In chemical-looping combustion (CLC), oxygen is transferred from an air reactor to a fuel reactor by means of a solid oxygen carrier. Direct contact between air and fuel is avoided, resulting in an undiluted carbon dioxide (CO2) exhaust stream. As such, CLC has been identified recently as a high-potential carbon-capture-and-storage technology. While initial focus has been on storage projects, CO2 is increasingly considered as a valuable chemical substance for enhanced-oil-and-gas-recovery projects as well as for the production of chemicals, polymers, or building materials.
Carbon capture, transport, use, and storage (CCTUS) form an important aspect of many national and global strategies to combat climate change. A main challenge regarding capture of CO2, especially for high volumes, is its separation from other gases.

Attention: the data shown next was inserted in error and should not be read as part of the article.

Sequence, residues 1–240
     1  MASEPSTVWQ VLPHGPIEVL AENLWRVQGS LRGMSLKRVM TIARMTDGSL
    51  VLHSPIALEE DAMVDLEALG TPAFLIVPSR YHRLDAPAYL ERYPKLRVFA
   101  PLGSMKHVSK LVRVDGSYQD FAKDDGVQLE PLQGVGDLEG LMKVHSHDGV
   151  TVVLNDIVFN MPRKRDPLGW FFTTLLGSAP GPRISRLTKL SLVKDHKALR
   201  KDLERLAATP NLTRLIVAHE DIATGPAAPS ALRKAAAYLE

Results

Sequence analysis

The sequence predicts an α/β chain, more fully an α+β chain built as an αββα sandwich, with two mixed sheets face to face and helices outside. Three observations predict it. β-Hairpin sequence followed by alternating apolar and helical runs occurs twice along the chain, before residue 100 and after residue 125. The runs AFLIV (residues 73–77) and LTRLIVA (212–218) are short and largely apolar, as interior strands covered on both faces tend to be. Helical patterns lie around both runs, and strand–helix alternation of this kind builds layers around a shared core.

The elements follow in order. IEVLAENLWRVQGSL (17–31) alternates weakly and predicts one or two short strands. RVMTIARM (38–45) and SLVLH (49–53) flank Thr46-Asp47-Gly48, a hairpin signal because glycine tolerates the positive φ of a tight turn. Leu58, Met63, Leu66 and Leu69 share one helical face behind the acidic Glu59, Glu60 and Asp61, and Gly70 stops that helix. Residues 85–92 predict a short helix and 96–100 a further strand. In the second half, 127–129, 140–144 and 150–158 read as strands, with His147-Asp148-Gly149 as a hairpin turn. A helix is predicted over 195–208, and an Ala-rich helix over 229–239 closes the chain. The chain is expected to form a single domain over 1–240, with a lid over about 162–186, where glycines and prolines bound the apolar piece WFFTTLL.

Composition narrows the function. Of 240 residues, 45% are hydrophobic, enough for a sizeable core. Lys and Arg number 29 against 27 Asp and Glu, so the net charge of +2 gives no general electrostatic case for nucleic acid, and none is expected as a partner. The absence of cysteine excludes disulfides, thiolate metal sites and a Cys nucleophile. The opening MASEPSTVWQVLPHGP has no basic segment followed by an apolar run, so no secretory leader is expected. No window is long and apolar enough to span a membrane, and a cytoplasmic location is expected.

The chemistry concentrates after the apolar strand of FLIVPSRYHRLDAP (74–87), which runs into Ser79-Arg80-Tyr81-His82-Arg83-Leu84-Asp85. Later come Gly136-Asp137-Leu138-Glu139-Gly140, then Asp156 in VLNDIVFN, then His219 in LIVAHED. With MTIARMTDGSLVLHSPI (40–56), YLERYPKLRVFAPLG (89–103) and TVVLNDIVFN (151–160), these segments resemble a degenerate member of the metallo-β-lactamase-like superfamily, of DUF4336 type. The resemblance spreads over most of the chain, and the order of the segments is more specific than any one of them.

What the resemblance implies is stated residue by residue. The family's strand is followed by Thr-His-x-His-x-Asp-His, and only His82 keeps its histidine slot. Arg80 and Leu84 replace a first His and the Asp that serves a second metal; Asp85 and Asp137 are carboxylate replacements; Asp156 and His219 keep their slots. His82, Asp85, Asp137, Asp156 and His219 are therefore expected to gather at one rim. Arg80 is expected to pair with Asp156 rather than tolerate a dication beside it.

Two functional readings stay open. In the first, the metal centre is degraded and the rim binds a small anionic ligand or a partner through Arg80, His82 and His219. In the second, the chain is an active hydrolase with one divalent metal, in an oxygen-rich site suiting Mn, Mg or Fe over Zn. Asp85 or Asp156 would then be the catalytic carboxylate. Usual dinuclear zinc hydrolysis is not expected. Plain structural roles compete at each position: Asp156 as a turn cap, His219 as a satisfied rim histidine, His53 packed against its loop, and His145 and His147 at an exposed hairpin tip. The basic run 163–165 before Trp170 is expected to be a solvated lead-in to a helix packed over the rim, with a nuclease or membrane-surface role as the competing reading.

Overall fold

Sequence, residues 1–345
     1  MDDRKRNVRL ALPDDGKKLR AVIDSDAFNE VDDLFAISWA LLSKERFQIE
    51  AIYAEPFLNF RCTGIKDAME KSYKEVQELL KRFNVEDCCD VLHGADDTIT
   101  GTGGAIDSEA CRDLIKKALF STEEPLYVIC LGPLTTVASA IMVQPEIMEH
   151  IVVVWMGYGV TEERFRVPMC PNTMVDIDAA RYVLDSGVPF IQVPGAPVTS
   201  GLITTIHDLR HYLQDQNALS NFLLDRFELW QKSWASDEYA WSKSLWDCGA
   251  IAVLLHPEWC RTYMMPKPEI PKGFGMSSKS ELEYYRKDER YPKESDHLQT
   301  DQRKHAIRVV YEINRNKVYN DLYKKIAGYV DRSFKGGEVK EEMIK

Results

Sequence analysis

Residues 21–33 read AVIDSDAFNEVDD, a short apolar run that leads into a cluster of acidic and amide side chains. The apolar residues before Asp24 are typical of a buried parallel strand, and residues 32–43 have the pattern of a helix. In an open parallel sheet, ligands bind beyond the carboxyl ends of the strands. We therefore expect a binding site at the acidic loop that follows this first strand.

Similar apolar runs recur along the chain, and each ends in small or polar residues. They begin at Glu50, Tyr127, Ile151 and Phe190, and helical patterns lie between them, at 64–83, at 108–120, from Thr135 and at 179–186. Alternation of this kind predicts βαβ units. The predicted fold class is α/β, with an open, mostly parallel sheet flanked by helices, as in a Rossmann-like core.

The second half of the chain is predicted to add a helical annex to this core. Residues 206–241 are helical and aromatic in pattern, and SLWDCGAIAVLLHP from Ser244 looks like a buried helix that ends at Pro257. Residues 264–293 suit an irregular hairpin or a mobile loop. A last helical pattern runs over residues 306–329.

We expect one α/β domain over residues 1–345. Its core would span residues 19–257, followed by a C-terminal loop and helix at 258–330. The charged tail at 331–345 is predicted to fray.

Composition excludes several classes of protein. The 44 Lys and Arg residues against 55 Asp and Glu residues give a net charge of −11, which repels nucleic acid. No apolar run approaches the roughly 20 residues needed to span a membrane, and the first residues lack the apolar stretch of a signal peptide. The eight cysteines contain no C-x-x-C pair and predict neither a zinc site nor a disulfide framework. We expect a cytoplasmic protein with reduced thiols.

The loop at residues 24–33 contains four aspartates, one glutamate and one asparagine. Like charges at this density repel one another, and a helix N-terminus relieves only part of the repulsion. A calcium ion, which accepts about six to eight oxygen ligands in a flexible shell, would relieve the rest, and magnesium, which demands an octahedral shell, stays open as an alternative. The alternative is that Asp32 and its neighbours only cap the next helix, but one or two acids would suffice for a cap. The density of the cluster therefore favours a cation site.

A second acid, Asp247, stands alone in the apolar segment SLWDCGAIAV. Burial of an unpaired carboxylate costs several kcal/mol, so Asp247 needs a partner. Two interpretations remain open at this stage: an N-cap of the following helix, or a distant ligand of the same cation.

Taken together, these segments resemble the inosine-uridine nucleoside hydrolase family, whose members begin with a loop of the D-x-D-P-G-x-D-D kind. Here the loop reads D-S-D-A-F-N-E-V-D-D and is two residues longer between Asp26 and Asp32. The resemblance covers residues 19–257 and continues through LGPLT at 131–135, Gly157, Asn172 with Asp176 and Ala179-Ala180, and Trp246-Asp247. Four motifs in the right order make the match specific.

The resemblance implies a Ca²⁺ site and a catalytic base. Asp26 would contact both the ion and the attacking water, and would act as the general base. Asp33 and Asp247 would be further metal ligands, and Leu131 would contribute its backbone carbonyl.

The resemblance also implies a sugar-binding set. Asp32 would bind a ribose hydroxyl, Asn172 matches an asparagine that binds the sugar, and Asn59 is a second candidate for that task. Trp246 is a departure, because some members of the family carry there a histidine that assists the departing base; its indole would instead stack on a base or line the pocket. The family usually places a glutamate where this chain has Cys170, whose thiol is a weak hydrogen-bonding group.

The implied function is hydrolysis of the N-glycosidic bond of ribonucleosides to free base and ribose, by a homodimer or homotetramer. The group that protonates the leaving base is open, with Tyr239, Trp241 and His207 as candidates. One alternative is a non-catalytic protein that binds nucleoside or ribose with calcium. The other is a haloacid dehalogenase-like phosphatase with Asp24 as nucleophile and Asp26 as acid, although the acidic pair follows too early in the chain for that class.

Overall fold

Three primary approaches are considered technologically feasible for CO2 capture at large point sources: post-combustion capture, precombustion capture, and oxy-fuel combustion. For each approach, various technological solutions have been developed, and small- and medium-scale evaluations have proved their feasibility. However, integrated operation on a commercial scale remains to be demonstrated....
Chemical-Looping Combustion: An Emerging Carbon-Capture Technology
10 June 2016